Standards in medicine and optometry education were rooted in the needs of practitioners. Increased educational standards resulted in a reduction in the number of professional degree programs. Future audiologists and their patients will be better served by having fewer, but stronger educational programs that produce better-prepared practitioners. Strong new Au.D. standards may force weak programs to cease operations. We should view this as an expected, likely outcome of a successful transition.

Professions such as Optometry, Medicine and Dentistry are already fully developed and virtually all practitioners have doctoral degrees. Audiologists, like our colleagues in pharmacy and physical therapy, demand accessible academic programs to facilitate our transformation to a fully developed profession. "Audiology has already developed a code of professional conduct. When our profession strengthens standards for career entrance via independent accreditation of professional educational programs our field will have taken a significant step toward becoming a mature profession. The use of a consistent degree, the Au.D., will further position audiology as an honored and skilled doctoral profession," stated Kenneth L. Lowder, Au.D., Chair, Audiology Foundation of America.

Summary:

Audiology is running a course that mirrors other health care professions, acting to improve education and transition to a doctoral level profession. "Audiology is at a crucial time, when new Au.D. programs are being developed. Practitioners are encouraged to earn the new degree, and support schools that can capably deliver the new degree programs," said Dr. Lowder. "We need our professional organizations to take control of career entry and accreditation of Au.D. programs. In the future audiology will become a mature health care profession on a par with medicine, dentistry, and optometry. But we must control access to the profession and complete our transition to a unified designation."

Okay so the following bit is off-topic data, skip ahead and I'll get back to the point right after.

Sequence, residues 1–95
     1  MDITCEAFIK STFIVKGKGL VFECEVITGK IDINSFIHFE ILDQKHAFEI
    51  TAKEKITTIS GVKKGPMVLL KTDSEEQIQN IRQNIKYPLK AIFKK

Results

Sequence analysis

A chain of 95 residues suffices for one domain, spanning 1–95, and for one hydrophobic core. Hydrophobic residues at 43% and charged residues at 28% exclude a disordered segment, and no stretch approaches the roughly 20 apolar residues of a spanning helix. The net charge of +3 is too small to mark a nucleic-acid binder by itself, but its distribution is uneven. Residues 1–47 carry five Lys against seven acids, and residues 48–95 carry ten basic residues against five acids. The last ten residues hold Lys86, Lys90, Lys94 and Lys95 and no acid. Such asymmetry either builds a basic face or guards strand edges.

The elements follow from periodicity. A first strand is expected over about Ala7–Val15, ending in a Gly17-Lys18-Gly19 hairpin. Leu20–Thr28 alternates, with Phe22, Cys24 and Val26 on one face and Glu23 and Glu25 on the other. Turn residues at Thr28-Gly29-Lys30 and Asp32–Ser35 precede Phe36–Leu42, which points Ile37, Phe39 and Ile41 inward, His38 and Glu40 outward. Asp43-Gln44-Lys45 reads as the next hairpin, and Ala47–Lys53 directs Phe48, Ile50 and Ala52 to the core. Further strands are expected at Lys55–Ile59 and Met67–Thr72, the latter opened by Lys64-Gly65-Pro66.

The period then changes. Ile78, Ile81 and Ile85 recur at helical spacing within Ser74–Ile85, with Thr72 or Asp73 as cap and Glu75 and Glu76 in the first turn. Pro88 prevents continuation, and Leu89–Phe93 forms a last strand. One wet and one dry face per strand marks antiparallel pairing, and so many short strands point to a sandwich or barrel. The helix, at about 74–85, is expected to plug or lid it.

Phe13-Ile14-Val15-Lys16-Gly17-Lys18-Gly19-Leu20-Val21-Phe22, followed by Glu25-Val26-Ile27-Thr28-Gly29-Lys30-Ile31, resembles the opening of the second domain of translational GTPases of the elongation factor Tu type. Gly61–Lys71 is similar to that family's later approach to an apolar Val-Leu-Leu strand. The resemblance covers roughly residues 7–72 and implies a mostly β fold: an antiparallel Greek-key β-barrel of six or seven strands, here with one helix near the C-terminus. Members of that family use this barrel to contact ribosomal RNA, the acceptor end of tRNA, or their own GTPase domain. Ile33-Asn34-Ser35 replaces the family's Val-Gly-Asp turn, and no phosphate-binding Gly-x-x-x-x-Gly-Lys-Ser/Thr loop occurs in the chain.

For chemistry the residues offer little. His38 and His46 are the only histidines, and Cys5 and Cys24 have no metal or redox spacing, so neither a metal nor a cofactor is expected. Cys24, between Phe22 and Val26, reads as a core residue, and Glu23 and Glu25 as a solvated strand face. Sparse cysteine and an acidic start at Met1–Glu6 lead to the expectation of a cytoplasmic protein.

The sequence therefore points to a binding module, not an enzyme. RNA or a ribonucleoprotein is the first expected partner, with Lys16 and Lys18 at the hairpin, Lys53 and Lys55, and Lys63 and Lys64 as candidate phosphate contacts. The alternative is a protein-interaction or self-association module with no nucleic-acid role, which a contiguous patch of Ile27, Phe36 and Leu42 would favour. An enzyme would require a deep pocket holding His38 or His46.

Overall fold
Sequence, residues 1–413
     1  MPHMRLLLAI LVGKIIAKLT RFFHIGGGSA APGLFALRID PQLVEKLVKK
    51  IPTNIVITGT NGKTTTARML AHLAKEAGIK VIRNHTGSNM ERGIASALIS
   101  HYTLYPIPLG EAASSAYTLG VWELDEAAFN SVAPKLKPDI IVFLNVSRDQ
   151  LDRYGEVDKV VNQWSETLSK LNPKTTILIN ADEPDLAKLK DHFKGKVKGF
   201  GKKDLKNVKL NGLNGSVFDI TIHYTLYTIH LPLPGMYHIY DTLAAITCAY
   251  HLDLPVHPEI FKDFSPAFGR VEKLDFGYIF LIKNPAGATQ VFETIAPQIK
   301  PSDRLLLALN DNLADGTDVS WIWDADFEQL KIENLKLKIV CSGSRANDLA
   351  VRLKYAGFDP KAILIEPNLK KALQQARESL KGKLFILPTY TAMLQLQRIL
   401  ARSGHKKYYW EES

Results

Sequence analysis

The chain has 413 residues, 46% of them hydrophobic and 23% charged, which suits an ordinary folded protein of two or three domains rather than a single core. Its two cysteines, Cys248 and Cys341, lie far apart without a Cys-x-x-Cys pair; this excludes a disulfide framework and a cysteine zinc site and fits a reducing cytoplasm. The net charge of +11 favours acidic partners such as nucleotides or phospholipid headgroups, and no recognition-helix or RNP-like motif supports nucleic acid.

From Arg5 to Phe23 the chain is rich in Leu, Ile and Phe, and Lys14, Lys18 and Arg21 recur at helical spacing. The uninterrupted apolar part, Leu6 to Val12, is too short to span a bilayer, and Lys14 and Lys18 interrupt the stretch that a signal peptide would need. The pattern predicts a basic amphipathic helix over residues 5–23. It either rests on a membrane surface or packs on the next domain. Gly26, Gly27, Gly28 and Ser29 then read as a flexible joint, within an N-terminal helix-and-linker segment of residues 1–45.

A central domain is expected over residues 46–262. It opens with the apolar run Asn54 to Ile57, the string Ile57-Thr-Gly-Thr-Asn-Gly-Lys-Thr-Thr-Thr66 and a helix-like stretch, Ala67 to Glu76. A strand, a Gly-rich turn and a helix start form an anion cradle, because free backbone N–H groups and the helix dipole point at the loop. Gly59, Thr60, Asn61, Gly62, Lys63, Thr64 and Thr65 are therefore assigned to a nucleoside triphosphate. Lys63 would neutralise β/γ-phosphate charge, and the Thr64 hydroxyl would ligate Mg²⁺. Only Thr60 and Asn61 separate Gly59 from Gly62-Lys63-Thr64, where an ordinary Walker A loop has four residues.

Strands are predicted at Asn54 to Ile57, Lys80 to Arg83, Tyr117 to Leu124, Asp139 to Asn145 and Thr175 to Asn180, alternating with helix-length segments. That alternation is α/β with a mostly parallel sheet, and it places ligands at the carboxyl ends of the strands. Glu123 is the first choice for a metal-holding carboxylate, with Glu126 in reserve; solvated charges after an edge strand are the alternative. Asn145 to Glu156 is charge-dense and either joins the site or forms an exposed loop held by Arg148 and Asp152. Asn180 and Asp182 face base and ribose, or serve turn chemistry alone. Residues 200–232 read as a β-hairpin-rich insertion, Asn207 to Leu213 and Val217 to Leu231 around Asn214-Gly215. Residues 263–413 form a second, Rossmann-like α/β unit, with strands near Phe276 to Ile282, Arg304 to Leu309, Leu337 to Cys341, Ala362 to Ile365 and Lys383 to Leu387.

REFERENCES:

1 Freeman, Eugene, Ph.D., "How a profession is Born", The Southern Optometrist, Vol 5, # 5, January 1952, page 3

2 Goldstein, David., Ph.D., "Doctoral Education and Professionalism in Audiology: A Position Paper", Feedback, Fall 1988, page 22

3Hirsch, Monroe J., O.D., Ph.D. and Wick, Ralph.E., O.D., D.O.S, The Optometric Profession, Chilton Book Company, 1964, pg 148

4 Ryer, E. Le Roy, Opt.D., "Will Buffalo Settle the Title Question?" The Optical Journal and Review, Mary 21, 1925, page 35

5 American Psychological Association Research Office, "Graduate Study in Psychology", 1995

6 Shapiro, A. Eugene and Wiggins, Jack, G., "A Psy.D. Degree for Every Practitioner, Truth in Labeling", American Psychologist, March 1994, page 210

7 Website: Liaison Committee on Medical Education (http://www.lcme.org/overview.htm), 7/17/01, page 2